The sun beat down one afternoon upon the cabin roof,
The musty air inside lay thick and still.
A summer breeze blew fragrances of honeysuckle rose
That wafted lazily from off the hill.
The woodland creatures roamed that day around the trees and bush,
The air made light the branches of the trees.
But stillness pained this summer time that brought a chilling touch
And deafening silence, hallowed by the breeze.
A rocking chair stood on the porch, a pipe lay to one side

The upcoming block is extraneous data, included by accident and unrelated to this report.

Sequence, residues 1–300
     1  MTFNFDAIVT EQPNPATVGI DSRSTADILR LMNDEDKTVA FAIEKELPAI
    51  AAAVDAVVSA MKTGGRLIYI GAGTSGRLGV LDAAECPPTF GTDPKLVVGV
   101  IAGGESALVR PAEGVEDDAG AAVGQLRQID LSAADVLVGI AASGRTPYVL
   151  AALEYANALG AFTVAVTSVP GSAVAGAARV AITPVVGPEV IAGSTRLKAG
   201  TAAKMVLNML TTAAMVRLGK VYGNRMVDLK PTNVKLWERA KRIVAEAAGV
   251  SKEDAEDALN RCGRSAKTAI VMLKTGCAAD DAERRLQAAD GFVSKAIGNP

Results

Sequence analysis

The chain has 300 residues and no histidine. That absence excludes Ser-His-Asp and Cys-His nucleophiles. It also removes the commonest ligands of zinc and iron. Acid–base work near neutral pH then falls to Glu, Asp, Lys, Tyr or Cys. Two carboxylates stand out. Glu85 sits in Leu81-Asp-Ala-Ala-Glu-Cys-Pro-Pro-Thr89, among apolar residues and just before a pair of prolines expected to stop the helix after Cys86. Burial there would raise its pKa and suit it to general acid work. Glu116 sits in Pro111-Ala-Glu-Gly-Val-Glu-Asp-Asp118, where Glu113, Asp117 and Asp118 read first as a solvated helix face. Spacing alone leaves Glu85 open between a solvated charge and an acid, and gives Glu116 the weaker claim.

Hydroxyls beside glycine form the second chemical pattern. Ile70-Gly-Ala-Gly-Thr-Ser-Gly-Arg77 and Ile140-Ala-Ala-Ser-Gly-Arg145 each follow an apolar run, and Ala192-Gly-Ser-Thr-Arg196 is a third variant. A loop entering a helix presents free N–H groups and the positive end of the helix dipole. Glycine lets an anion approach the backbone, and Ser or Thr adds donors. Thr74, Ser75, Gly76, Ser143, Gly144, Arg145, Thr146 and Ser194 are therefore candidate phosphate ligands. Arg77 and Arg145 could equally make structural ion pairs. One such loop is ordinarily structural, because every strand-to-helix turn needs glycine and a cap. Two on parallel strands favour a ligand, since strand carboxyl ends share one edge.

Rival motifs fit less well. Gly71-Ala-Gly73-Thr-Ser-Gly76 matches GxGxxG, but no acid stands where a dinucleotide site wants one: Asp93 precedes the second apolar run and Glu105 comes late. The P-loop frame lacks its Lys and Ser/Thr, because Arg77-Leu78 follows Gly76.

Upon a tree stump cursed with blackening rot.
Collapsing steps and peeling paint and beams in ill-repair
Had marked this woodland home that time forgot.
And there within the belly of this dark and lonely hut,
Amid the dust from summers gone before,
Engulfed in foul-smelling air, the shriveled mound of flesh
Of Hermit Joe lay rotting on the floor.
The sun beat down that afternoon upon his lonely grave,
O'er which no sorrowing eyes had bowed and cried.
It gently heated up the dust and age-old rotting flesh
That housed and fed the worms that bred inside.